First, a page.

Tag Archives: Sticky Institute

analogue Feltron report?

I’m sure all you hip cats are familiar with the Feltron reports, these amazing records of beauty that makes Percy Grainger look sane. Grainger was an obsessive saver and chronicler of his life (it’s myth but the rumour that his cancerous balls preserved in formalin exist somewhere in the Grainger Museum on the Parkville Campus of Melbourne University – dream large guys!). As part of one compulsory musicology subject I took, it required working at the Grainger Museum and doing some Grainger-related research.

One afternoon, I was present when a fifty-year old archive box was emptied out. A small object was wrapped in tissue paper and very carefully unwrapped.

It turned out be a fifty-year-old piece of chocolate bitten into by Grainger’s mother. You could see her teethmarks. Macabre and yet fascinating.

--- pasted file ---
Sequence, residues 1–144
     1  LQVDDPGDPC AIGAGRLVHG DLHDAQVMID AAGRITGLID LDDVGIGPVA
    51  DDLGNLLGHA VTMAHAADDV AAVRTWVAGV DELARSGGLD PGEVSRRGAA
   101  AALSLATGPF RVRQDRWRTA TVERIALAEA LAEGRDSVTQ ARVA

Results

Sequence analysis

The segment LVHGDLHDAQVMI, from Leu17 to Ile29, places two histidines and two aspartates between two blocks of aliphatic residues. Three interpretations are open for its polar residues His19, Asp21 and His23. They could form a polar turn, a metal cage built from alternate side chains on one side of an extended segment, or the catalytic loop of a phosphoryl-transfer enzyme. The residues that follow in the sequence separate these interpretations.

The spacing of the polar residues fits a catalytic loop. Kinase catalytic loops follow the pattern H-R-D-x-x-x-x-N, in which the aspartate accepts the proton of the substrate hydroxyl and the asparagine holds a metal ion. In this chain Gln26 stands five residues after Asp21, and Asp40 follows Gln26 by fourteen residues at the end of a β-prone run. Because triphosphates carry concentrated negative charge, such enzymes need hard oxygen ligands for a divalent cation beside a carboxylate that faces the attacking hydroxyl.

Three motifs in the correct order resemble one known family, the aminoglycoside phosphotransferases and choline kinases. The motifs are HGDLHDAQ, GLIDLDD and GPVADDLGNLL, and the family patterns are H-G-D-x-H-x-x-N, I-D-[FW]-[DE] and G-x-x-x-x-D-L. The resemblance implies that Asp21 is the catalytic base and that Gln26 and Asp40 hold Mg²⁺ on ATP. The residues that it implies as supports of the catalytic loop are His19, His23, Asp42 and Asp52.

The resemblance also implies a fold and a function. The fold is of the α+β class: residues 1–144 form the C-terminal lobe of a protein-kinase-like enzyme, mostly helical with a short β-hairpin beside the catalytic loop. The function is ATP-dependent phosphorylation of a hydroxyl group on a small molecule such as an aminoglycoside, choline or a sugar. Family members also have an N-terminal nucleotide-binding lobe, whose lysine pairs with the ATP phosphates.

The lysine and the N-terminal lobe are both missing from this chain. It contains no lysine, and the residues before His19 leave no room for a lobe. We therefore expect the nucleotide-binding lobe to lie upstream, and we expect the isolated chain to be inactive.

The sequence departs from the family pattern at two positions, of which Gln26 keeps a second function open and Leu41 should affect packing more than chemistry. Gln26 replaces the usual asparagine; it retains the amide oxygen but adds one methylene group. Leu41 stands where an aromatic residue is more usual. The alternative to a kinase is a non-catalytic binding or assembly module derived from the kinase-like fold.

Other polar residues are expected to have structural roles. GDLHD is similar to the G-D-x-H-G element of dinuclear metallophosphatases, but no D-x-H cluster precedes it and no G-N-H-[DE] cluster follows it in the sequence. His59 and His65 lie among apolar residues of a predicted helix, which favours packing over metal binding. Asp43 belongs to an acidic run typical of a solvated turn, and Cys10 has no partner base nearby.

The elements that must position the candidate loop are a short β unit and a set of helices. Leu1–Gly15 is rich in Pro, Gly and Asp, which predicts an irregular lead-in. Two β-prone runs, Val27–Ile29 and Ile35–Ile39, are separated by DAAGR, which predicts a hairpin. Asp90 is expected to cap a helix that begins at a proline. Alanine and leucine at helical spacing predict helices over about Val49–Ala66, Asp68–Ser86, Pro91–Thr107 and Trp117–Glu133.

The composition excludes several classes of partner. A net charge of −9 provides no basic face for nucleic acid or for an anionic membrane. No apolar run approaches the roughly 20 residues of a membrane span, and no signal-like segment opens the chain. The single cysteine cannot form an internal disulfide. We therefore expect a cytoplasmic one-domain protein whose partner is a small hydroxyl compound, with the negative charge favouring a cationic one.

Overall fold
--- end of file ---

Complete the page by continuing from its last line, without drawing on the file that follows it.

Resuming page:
So Feltron ain’t got nothing on him, though we all too can keep similar such statistics by using Daytum. I use Daytum like a mofo but only have displays of things like what I read for public show.

The following zinester, Deth P. Sun of Berkeley, CA has made a zine that to me was what I imagine an analogue Feltron report to look like – it is an obsessive document from September 2009 to February 2010 chronicling what the author has eaten in illustrated form. Both obsessive, a little unsettling and inspiring an odd sort of protectiveness for someone I don’t know and will never ever meet.

In some sort of solidarity, I thought it’d be fun to post partial contents of the pantry of the place I currently call home. Getting a glimpse into a bad cookie-foodie’s pantry is a bit…confessional. Try not to judge me…too harshly.

The Various Things I Eat zine

So is the zine any good? Yes! The illustrations while candid are adorable and carefully drawn and it’s pretty text-sparse given it’s a visual record. See below for an example of a page that typically outlines the author’s consumption which begs some assumptions and questions – he does not really eat that much, or dine out a lot. It makes me wonder just how much this reveals about the author – is he not affluent or struggles financially? Is he not fond of dining out? Does he (and this is uttered in genuine concern) have issues with eating and perhaps not eat as much as he should?

The Various Things I Eat zine, detail